“You can’t change my height! There must something wrong with your measuring equipment!” I protested loudly. “I am 5 foot six, not 5 foot 5!” I was not even sure why they were measuring me because I could have told the nurse my height. It was written on my driver’s license and on my passport. When I left New Zealand, I went through an intensive physical as my farewell act before I left to live in Paris. How could they change my height? This was relatively early in my diagnosis with multiple myeloma. To add insult to injury, I “lost” another half-inch in height recently when they measured me yet again. It appears that this cancer effects the bones with height loss being relatively frequent. Saying that I was 5 foot six inches would just roll off my tongue and it was part of who I was, it was part of my identity since I could remember. This new height is just not who I am. (I should add here that I have been in touch with others with this cancer and they have lost up to four inches in height so I should count myself fortunate.) And yet….
More changes were coming to who I have always thought I was. I underwent a stem cell transplant in July of last year and lost all my hair as a result. While that was to be expected, I was more worried about what my hair would look like when it grew back, ever so slowly. It is not almost back to a normal length but surprise! My hair is not only greyer (which I understand given my age) but my regular straight hair is no more. I am curly beyond belief. I look in the mirror and get a fright when I see the face looking back at me.
Throughout this experience of cancer, I have come to realize that relying on my personal appearance or other supposed “permanent” characteristics for my identity is a dangerous practice. I have come to love the idea that change not only happens but that it is exciting to be able to revisit one’s identity.
As I have sat in the infusion room at the hospital over the past year, I have had many hours to think about what my future would be like; would I even have a future and most of all, have I become the person I want to be before dying? The answer to that last question is a definite “no” but I am certainly clearer about what I want for myself.
I may be in my sixties, but I am still learning. This realization gives me hope and keeps me alive as I contemplate knowing more, growing more.
Let me give you an example. I am my father’s daughter. I can stand in a grocery line and talk to everyone in that line. I can play with completely strange children as their parents give me strange looks trying to figure what this stranger was doing. And so, I always believed that I was an extrovert.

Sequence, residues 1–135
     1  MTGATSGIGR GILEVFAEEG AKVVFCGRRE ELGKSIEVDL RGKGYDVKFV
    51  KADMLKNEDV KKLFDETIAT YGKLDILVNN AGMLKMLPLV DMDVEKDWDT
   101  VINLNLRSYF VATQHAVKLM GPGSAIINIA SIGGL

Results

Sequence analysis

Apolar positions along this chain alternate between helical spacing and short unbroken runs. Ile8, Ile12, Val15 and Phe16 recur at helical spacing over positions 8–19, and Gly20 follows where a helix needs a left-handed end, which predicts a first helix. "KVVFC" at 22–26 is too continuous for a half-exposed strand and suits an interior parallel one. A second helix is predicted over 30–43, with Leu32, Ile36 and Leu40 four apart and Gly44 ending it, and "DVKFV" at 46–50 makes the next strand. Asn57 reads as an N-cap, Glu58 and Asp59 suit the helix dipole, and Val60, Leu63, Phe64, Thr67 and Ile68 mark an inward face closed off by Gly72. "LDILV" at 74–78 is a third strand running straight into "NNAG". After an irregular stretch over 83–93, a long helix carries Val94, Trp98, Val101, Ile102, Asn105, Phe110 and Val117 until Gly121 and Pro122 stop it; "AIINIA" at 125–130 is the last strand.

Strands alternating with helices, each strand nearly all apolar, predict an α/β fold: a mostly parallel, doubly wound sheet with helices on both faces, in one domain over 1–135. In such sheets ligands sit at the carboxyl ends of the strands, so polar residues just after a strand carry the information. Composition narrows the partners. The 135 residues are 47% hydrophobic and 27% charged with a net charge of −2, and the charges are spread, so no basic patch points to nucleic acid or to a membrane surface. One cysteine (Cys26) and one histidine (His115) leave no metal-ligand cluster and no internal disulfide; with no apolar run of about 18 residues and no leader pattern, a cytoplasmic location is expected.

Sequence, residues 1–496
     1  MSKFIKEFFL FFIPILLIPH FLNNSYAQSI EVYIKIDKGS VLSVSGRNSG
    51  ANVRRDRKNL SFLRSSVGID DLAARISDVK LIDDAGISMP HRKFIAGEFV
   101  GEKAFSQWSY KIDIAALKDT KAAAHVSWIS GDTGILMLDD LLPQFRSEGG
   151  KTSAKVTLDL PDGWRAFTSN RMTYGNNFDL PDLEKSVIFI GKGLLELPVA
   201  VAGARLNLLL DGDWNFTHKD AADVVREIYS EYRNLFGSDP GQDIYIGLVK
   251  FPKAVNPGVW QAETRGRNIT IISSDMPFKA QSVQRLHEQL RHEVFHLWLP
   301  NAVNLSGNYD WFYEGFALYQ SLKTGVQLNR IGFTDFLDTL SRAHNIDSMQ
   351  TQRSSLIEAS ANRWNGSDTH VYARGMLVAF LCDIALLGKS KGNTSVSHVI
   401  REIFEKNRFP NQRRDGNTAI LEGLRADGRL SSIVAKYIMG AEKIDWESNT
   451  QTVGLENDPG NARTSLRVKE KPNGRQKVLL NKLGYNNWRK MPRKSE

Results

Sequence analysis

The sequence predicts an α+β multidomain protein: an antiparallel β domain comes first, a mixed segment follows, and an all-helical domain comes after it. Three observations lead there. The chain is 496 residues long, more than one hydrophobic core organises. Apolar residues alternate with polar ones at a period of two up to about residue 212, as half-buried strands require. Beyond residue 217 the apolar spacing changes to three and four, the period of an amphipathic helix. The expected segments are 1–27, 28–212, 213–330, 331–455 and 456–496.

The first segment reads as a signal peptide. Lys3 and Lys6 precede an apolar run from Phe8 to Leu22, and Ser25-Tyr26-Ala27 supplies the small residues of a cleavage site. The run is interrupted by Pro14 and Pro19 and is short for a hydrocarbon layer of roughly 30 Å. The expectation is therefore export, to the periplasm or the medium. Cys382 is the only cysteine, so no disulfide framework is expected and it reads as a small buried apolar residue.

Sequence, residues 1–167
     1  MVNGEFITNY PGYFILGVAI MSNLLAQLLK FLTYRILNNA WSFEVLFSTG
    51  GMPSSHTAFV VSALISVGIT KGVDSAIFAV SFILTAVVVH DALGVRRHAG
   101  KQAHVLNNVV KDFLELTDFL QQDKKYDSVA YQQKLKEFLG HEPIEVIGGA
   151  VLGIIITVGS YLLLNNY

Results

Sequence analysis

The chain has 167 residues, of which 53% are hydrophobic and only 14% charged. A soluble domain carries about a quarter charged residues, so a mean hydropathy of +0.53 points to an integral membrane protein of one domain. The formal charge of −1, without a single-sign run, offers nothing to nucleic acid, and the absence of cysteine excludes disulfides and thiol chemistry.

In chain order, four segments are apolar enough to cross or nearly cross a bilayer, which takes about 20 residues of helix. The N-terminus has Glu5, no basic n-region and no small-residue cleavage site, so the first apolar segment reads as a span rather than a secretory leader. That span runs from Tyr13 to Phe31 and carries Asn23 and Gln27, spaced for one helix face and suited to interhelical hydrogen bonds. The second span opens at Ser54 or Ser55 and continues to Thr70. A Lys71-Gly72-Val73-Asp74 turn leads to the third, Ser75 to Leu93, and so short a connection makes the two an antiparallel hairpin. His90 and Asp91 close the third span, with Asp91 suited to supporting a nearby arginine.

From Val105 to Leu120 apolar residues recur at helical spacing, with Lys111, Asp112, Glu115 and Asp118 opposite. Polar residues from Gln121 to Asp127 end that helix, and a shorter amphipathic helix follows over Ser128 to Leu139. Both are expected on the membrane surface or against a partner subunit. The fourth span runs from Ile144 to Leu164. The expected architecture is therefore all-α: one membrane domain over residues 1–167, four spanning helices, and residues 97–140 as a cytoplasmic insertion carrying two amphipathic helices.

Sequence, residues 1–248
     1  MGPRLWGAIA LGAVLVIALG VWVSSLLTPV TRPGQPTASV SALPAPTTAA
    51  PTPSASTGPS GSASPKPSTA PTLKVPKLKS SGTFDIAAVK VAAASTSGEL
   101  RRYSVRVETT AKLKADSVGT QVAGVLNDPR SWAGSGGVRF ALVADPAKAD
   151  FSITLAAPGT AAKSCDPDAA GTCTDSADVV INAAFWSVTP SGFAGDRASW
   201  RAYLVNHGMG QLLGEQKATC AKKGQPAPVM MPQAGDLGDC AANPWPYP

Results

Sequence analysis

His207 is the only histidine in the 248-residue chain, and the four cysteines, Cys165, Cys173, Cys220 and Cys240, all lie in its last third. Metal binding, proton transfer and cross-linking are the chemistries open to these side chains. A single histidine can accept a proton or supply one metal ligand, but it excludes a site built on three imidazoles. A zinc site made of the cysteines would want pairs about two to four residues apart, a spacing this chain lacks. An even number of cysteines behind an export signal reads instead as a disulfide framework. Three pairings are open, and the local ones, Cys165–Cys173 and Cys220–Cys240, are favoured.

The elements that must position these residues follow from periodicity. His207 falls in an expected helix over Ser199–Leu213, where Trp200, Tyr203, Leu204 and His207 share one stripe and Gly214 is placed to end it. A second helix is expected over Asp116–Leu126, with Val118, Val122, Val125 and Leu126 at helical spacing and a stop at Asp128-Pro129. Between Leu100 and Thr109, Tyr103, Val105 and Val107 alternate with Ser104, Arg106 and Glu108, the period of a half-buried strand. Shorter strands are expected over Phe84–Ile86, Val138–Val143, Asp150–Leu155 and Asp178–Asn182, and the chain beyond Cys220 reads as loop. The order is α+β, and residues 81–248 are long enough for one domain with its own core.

Except that with this cancer, I have gone into quiet mode often. I have needed time to internally process everything that was happening to me. Alan would ask quietly if I was OK, if I was upset at anything but the truth was that I was going into my “cave” to process before I came out to speak to him or others about my feelings. It was in reflecting on this that I came to understand that in this sense, I am an introvert. Taking time away from others to work things out is a classic introvert behavior. I still talk easily to everyone and anyone but that does not speak to how I deal with crises or important subjects.
Is it possible to go your whole life believing you are a particular person and then that transforms into someone else? I believe that while we have a foundational identity, fundamental parts of us that remain constant, there is also a whole element that we get to create and develop, usually in response to the people and environment around us.
One more example to illustrate. Recently, I underwent a course where we examined our key values that drive us. From a whole list of values, we were to identify our top ten. That was hard enough but then we were asked to narrow this further to just three vital values that spoke to who we were and what we believed. Now, the value of honesty was in my top ten and I have often spoken about my father who I consider was the most honest man that I have ever known, bar none. His integrity was a paramount value to him that he spoke about often. He was the kind of man who put money into an expired parking meter as we were leaving because to him, “I have used this space and I need to pay for it.”
As I chose the top three values, honesty did not make the cut. It was a shock to me because I always believed that this was close to the top. It is certainly important to me, but I chose the values of wisdom, personal fulfillment and then the highest value was spirituality. It was an “aha” moment for me because I came to understand that I had been carrying around my Dad’s value as if it were my own. We can be taught certain values and principles but, in the end, we need to claim the beliefs that drive us as our own.
I look forward to the next thirty years or so and beyond as I keep creating and developing my identity. What a blessing it is that as humans, as individuals, we are given the opportunity to constantly reinvent ourselves, no matter our age. It is one of the reasons why I am so excited about the mission of Discover Identity. I want to be part of a movement that helps people to find, create and recreate their identity. As women, I invite you to come and join us as we explore our identities together.
We'd like to thank Marianne Downing for contributing this article to Discover Identity